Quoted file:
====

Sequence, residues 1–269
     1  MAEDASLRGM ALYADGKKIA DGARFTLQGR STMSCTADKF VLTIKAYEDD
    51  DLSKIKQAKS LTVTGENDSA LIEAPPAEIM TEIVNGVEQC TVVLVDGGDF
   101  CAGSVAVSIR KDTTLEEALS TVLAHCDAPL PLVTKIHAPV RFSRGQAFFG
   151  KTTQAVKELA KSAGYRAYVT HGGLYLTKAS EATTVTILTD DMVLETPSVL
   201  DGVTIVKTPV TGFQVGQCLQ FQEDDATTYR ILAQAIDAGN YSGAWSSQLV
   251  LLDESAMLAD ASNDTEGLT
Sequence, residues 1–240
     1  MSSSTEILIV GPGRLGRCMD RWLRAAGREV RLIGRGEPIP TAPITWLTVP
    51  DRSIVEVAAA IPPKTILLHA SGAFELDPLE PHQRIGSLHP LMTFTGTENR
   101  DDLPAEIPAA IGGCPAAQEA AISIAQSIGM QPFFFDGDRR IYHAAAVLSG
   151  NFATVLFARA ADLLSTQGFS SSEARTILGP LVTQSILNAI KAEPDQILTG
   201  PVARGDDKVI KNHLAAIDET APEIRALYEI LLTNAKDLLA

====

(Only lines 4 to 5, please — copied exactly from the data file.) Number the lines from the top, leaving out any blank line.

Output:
   101  CAGSVAVSIR KDTTLEEALS TVLAHCDAPL PLVTKIHAPV RFSRGQAFFG
   151  KTTQAVKELA KSAGYRAYVT HGGLYLTKAS EATTVTILTD DMVLETPSVL